Mount Clemens resident describes military service

By: Alex Szwarc | Mount Clemens - Clinton - Harrison Journal | Published November 5, 2020

 As a member of the Army’s 584th Port Company, Mount Clemens’ James Taylor was responsible for distributing supplies and materials to American troops in Europe during World War II.

As a member of the Army’s 584th Port Company, Mount Clemens’ James Taylor was responsible for distributing supplies and materials to American troops in Europe during World War II.

Photo by Alex Szwarc

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MOUNT CLEMENS — Supplying troops during World War II, a conflict in which over 16 million Americans served, was no small feat.

It’s something that James Taylor knows well as he was on the supply side of making sure Americans were properly equipped during the war.

Born in September 1924 in Mullins, South Carolina, Taylor grew up on the farm, sharecropping products like tobacco, cotton, corn and potatoes.

Now a Mount Clemens resident, where he has lived since 1946, Taylor said at the time he was drafted into the Army in 1944, he worked at a shipyard in Wilmington, North Carolina. He received his basic training in New Orleans, Louisiana.

“We were trained to shut your mouth, do what you’re told, when you’re told and how you’re told to do it,” he said.

Assigned to the 584th Port Company, a segregated Army unit, Taylor was responsible for distributing supplies and materials to American troops in Europe.

Seeing time in England, France, Germany and Belgium, Taylor often drove 10-ton diesel trucks.

Materials delivered ranged from food and clothing to armory and mechanical components.

“A lot of truck drivers delivered supplies sometimes 50 or 100 miles away,” he said. “One time we had a 24-hour trip one way, driving straight through. You prayed that the truck didn’t break down because if you did, there was nobody to call and couldn’t speak their language.”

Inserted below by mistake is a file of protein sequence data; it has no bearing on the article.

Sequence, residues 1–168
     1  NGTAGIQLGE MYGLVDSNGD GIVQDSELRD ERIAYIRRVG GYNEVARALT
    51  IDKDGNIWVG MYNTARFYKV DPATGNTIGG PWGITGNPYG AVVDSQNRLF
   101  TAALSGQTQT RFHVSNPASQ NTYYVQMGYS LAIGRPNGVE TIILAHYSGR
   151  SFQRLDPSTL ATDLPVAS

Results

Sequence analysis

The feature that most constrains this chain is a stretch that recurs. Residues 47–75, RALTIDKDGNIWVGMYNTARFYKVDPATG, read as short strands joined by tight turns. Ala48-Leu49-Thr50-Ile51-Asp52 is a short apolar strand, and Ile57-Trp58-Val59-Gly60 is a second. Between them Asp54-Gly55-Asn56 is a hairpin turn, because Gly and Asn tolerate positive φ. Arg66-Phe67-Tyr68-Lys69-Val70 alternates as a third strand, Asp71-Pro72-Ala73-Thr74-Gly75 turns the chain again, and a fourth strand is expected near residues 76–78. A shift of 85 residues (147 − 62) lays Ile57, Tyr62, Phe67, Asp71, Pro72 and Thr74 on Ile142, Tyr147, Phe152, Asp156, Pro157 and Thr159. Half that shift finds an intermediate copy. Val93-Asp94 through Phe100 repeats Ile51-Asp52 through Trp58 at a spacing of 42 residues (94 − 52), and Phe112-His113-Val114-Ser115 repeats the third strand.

Taylor explained that materials would arrive daily by ship from the U.S. and a unit was responsible for sending it out to various military units.

When asked what the morale was like among troops, Taylor said they would be worried, scared and praying to safely return home.

When Germany announced its surrender in May 1945, Taylor remembers hearing of the news on the radio.

“Oh man, somebody found whiskey and drank till the morning,” he said. “The people that lived there were also happy.”

Discharged in August 1946 as a sergeant, Taylor moved to Michigan, settling in Mount Clemens.

Taylor’s son, John Taylor, said his father is blessed to have his memory and is like a walking history class.

“It’s good to hear him talk about all the old stuff,” he said. “My favorite story is there was a big guy in his troop that snored real loud and if you didn’t go to sleep before George went to sleep, you aren’t going to get any sleep.”

Having lived for nearly a century, what Taylor wants younger folks to know is that no matter what they do, “to do it to the best of their ability so that when time comes and it has to be done, and they need someone to do it, they can say ‘I can do it.’”  

James Taylor went on to work in a few industries including insurance, manufacturing and sanitation at places like the New Haven foundry, Pontiac Motors and the Mount Clemens Sanitation Department.

He spent about 30 years working for the city, rising in rank from truck driving to supervisor and superintendent of the department, all with a sixth-grade education.

Taylor is said to be the oldest member of Turner Chapel Christian Methodist in Mount Clemens, a congregation he’s been a part of for over seven decades.

He and his late wife Almeta married in 1952. Taylor has three children, seven grandchildren, two great-grandchildren and one great-great grandchild.  

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